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The Great Rebranding Dilemma

Written by: Jessica East, Executive Contributor

Executive Contributors at Brainz Magazine are handpicked and invited to contribute because of their knowledge and valuable insight within their area of expertise.

“A brand is a name, term, design, symbol or any other feature that identifies one seller's good or service as distinct from those of other sellers,” or so says Wikipedia.


Organizations can agree that having a brand and carrying it through to both their print and digital assets is key for growth and customer recognition. But what about rebranding? While it’s tempting to throw caution to the wind and start a new brand as fashions or department heads change, that may not be the best solution.

Here are some things to consider before rebranding.


Why.


Seriously. WHY do you want to rebrand yourself? Some reasons where I do not suggest a client rebrand:


  • They’re tired of the look.

  • They hired a new person/vendor who wants a rebrand.

  • They feel like the look is dated.*


An effective rebrand is more than a logo.


It must be thoughtfully and strategically crafted and rolled-out. Fun story: I once worked at an agency that rebranded itself before having a strong, internal marketing person (one year later, they hired me). For the next 4 years AFTER THE NEW LOGO WAS INTRODUCED, I was still correcting people and tossing materials with the old logo and brand. Communicating the importance of branding to your internal people is essential, so they don’t torpedo your organization’s ability to effectively market itself.


A rebrand must be strategically unveiled to the public as well.


When you are ready to “go live” on your website, you must also be ready to toss all old assets (or recycle if you can) and replace them with new digital assets, printed assets, uniforms, and apparel…anything where your logo appears.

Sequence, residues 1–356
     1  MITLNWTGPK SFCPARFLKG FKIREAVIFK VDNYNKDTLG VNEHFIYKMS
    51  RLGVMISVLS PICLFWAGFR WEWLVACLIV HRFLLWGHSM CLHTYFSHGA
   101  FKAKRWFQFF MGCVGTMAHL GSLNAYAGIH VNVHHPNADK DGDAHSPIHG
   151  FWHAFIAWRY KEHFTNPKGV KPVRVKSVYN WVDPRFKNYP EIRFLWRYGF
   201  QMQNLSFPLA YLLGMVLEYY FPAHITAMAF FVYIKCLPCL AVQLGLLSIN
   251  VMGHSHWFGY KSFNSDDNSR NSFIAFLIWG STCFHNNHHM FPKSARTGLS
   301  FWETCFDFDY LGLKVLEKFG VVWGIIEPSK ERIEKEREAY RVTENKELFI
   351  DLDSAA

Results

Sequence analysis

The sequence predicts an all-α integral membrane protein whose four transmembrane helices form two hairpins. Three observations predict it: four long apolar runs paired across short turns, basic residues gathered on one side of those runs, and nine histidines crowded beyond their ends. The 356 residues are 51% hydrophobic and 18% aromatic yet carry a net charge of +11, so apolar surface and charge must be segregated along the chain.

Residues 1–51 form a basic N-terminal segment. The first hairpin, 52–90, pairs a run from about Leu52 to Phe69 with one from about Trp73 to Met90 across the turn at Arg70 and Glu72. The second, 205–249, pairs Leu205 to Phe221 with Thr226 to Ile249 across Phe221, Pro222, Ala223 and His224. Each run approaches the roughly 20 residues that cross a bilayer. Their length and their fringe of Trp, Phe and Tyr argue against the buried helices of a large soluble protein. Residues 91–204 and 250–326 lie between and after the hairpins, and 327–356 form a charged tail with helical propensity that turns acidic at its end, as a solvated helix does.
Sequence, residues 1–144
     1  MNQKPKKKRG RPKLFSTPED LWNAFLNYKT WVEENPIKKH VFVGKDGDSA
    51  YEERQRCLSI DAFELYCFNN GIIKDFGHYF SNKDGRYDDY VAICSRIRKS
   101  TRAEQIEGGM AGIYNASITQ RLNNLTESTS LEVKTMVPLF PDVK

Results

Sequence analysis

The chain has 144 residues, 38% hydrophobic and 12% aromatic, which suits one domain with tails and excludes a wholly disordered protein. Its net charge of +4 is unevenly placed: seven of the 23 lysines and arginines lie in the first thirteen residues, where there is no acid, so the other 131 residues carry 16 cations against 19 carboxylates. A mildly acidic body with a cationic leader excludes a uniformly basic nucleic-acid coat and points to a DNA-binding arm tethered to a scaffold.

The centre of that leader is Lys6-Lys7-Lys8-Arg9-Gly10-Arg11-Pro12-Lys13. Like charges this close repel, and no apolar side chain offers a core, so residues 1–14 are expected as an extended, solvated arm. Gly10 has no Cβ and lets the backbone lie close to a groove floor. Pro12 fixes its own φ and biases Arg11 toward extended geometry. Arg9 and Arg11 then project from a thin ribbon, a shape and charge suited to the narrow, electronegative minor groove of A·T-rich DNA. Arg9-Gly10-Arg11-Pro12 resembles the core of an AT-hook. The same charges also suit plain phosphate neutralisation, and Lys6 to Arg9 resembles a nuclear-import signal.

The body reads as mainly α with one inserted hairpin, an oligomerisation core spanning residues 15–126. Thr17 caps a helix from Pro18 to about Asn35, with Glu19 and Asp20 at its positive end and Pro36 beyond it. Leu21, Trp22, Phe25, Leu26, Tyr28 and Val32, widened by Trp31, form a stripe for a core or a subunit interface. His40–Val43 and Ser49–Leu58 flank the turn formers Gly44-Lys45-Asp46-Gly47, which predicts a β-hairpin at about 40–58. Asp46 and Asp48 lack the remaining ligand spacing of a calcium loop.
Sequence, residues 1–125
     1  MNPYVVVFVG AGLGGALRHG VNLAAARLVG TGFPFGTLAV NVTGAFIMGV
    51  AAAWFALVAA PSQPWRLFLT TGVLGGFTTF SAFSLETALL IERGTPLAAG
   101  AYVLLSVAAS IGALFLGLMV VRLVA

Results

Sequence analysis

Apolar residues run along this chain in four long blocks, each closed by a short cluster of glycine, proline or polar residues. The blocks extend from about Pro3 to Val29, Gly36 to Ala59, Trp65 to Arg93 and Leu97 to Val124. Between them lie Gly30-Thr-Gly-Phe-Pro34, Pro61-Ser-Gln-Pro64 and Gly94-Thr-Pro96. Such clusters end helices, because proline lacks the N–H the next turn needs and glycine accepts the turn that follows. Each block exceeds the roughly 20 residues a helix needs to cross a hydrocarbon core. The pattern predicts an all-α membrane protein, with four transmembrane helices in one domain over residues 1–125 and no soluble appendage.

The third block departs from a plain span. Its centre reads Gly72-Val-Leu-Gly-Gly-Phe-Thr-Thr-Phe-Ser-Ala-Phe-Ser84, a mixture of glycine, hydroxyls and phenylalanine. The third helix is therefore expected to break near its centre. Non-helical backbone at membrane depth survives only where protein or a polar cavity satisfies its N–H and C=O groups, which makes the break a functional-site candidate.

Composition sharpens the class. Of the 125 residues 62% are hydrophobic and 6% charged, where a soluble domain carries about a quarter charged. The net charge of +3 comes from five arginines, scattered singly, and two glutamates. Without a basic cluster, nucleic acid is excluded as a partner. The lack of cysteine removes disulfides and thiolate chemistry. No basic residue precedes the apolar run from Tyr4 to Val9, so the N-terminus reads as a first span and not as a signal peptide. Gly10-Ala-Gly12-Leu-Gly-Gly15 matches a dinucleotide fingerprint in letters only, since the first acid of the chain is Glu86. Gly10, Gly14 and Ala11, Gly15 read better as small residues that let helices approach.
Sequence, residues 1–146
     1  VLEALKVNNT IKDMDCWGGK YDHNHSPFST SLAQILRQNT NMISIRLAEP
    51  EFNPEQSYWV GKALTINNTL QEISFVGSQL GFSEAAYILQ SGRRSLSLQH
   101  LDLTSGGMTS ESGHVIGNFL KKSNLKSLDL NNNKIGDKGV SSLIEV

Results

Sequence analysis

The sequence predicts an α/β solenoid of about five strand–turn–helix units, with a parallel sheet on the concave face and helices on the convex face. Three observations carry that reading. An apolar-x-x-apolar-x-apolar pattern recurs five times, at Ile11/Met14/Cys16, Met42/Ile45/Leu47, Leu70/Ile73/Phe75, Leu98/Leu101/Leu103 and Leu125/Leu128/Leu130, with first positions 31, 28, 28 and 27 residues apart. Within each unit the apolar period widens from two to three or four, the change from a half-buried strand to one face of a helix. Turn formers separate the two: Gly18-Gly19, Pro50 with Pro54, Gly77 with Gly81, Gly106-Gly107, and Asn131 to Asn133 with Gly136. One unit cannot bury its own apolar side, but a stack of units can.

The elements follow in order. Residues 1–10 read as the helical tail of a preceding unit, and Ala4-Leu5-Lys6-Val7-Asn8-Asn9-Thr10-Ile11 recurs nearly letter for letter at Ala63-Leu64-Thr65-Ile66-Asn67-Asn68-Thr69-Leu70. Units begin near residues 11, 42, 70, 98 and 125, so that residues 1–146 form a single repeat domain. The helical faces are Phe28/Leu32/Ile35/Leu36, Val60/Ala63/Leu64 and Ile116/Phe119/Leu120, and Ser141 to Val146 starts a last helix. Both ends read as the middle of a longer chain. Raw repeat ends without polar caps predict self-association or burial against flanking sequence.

In addition to the logo, think about all the ways you use your colors, fonts, and graphics. It’s common to use creative assets on apparel, vehicles, and even interiors.


Remember that, even with the new brand that has been expertly unveiled, your client/customer base will need 6-12 months to associate that new brand with your organization.


Should you let cost and client/customer learning curve dissuade you from rebranding? Absolutely not.


In fact, there are many reasons why a rebrand can be in your organization’s best interest:

  • Merger or buy-out bringing multiple organizations together.

  • Name not representative of present services or product offerings.

  • Legal reasons such as copyright or trademark infringement.

There are times when rebranding makes sense for the future of the organization. Don’t be afraid to move in a new direction; just be sure that you’ve accounted for the totality of the cost and impact a new look will have on your employees and clients.


If you feel like your look is dated, consider a color refresh instead of a rebrand. Yes, you’ll still need to update all assets, but you won’t start from scratch with client/customer recognition.


When in doubt, ask a pro.


One of my personal mantras has always been never to let fear hold you back. Because there are so many moving pieces to a new brand roll-out, I strongly suggest hiring a professional to help you. Nothing is worse than trying to save money by keeping something in-house and then bungling it. Often the fix will cost more than hiring a pro in the first place.


Follow me on Facebook, Instagram, and visit my website for more info!

Read more from Jessica!

Jessica East, Executive Contributor Brainz Magazine

Jessica East entered the creative scene in 2001 when she started her design career at MeadWestvaco. From her initial position as a junior graphic designer, Jessica advanced to a small marketing firm, picking up marketing, social media, and event planning skills, and then on to a position as creative services manager for Five Rivers MetroParks. At MetroParks, she took on the challenging role of utilizing and policing new brand standards for an organization that previously lacked any formal marketing department. During her watch, the parks were pulled out of their staid ’70s look and blossomed into a new, energetic brand that matched the organization’s values of making the community healthy and vibrant. Jessica started her own agency, Noir Marketing and PR, in 2012.


Ms. East obtained her degree in graphic design at Bowling Green State University, where she joined the Phi Mu sorority and remained an active alumna in her local chapter. In addition to making dazzling designs, this marketing maven has collected enough ADDYs to back U.S. currency. Other awards and recognition include a laundry list of local and national design and professional awards, including several Mercury Awards and nominations, ADDYs of all metals, OPRA and NRPA awards, recognition in Print and GDUSA magazines as well as Teen magazine’s “50 Hot Picks for School.”

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